Bruce is Loose (cont.)
Phillies GM Pat Gillick, who'll belong in the Hall of Fame after he retires, if not for two World Series championships in Toronto or a 116-win season in Seattle, then surely for managing to win in Baltimore despite Peter Angelos, sounded certain that he's nearing retiring.
"This will be my last season,'' Gillick told me the other night.
Asked if he was absolutely sure he meant it, Gillick answered, "I think so.''
Well, that answers that.
Five-tool shortstop Tim Beckham, the No. 1 pick in the draft, may be a B.J. Upton clone. And that isn't a bad thing. Beckham also showed real humility when he said, "It's an honor and a blessing to be with the Tampa Bay Rays.'' Of course, he has to sign first before he's a Ray.
It was ironic that former MLB big Frank Coonelly's new team, the Pittsburgh Pirates, took a sure slot-busting player, Vanderbilt hitting prodigy Pedro Alvarez, after Coonelly made it his mission to stick to slots and keep bonuses down. Coonelly's nemesis Scott Boras, adviser to Alvarez, has told folks he believes Alvarez is in the same category as Mark Teixeira, who got an eye-popping $10.58 million out of Georgia Tech in 2001. It is believed that Coonelly will leave the negotiating to new GM Neal Huntington, who gets his biggest test yet.
When the Royals took power-hitting Eric Hosmer out of American Heritage High (Plantation, Fla.) with the No. 3 pick, that followed former recent selections Luke Hochevar (No. 1 in 2006) and Mike Moustakas (No. 2 in 2007), which shows the Royals' improvement. At this rate, they'll pick last in 27 more years.
University of Georgia closer Josh Fields' gamble paid off. A year after being the Braves' No. 2 pick and turning down their $450,000 offer, he was the 20th overall pick by Seattle, a team that can't really afford not to sign their first rounder.
Gillick's Phillies just might have picked the best athlete when they got Anthony Hewitt, a Brooklyn product playing at Salisbury (Conn.) School, with the No. 24 selection. Hewitt has a rare combo of power and speed. The hometown Mets briefly considered Hewitt two spots earlier.
The Mets' first pick, first baseman Ike Davis, is the son of former Yankees reliever Ron Davis. The Mets remain the mega-market team to stick to the slot players -- although their draft picking may prove to be better this year with club exec Sandy Johnson, the legendary scout who helped build a talented Rangers team and later Arizona's 2001 world championship team, heavily involved in their higher picks.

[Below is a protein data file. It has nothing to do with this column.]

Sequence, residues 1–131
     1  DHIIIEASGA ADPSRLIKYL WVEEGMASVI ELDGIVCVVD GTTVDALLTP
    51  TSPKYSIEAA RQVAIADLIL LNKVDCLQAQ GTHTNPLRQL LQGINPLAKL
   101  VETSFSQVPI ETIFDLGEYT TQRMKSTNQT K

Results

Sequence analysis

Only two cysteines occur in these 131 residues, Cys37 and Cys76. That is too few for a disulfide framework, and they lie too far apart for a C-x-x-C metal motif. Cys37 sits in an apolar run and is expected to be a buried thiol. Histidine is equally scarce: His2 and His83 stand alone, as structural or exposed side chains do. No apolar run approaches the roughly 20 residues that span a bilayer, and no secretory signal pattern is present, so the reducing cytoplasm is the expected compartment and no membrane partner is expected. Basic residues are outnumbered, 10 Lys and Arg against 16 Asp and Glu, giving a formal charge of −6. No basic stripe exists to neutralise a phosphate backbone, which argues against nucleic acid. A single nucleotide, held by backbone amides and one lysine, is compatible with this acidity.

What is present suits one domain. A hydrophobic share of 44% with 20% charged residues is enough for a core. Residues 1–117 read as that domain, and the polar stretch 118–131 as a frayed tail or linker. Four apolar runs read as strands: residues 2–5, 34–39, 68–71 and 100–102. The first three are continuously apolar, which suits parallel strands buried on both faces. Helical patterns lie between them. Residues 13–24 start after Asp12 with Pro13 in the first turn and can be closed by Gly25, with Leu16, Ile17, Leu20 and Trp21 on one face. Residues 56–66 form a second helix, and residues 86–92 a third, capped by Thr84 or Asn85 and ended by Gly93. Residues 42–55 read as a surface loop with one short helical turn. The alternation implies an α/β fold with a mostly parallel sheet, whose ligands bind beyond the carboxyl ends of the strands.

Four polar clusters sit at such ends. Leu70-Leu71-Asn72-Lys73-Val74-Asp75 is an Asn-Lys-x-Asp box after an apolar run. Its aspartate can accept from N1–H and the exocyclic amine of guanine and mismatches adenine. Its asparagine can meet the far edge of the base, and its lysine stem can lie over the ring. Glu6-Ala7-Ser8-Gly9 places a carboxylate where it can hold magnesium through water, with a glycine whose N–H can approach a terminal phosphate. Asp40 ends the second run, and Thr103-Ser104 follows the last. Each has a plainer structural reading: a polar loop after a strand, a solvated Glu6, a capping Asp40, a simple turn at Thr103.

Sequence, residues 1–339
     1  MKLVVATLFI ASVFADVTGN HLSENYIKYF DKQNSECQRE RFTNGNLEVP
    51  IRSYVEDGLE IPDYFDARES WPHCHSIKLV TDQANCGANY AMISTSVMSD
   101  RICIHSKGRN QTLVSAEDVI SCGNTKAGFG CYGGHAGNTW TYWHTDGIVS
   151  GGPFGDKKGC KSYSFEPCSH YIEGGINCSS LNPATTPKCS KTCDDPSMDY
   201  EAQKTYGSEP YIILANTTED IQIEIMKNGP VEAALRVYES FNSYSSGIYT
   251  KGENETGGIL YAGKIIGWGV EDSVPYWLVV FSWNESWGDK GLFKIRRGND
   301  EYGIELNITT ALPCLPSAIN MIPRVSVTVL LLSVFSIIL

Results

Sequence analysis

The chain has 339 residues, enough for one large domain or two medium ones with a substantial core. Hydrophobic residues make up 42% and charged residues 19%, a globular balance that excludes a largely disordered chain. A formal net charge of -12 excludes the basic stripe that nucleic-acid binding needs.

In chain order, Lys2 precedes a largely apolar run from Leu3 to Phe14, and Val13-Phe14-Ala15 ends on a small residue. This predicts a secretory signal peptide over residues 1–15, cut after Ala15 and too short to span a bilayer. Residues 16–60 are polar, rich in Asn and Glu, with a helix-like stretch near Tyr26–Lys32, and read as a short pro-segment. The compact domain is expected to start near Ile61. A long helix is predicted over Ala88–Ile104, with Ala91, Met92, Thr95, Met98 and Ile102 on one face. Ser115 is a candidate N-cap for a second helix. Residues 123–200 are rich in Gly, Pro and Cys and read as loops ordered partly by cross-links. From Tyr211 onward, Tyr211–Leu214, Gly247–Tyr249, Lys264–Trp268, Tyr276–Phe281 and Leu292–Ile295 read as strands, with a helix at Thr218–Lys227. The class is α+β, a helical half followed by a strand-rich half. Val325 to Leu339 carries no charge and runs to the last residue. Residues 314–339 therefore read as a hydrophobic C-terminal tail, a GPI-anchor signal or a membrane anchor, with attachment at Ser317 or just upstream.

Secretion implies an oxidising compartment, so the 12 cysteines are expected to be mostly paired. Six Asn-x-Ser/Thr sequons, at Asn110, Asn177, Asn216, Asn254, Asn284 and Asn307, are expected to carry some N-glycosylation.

No surprise the Yankees jumped on Gerrit Cole, the 97-mph-throwing California high school righthanded pitcher. And it should be no surprise when they overwhelm him and he picks them over UCLA.
The Red Sox picked a great athlete, Casey Kelly, who is often cited as the son of former Yankees infielder Pat Kelly (and was once here). But as it turns out, it's the Pat Kelly who is currently the manager of the Reds' Gulf Coast League team.
Around the Majors
Good to see Mariners manager John McLaren blow a fuse after his team fell to 21-39. My only question would be why it didn't come a month earlier.
USA Today reported that Mariners management pulled the food, beer and towels from the clubhouse to punish the players' lax attitude. Good move. I just hope they didn't have to dry off using their uniforms.
The media was let in right after that last loss, too, without the usual 10-minute cooling off period, apparently so they'd give a more emotional and honest appraisal of yet another defeat. I love it when talking to the press is considered punishment. (And by the way, this is one team that may not need a cooling off period.)
There are rumblings Jim Bowden, GM of the Nats, could be in trouble.
Kevin Millar should be a midseason acquisition for some contender. The Mets are a possibility. And, depending on Ortiz's condition, maybe he could he even return to Boston.
With Ortiz out and unlikely to participate in the Called Shot All-Star exhibition (the Yankees are surely relieved), MLB should turn to Ryan Howard, who's the closest thing baseball has to Babe Ruth.
Josh Hamilton, a changed man, already has volunteered to be in the Home Run derby.
After being in the Phillies clubhouse after they lost to Volquez Wednesday night, I am pretty sure no one likes to lose less than them. This may prove to be a good quality.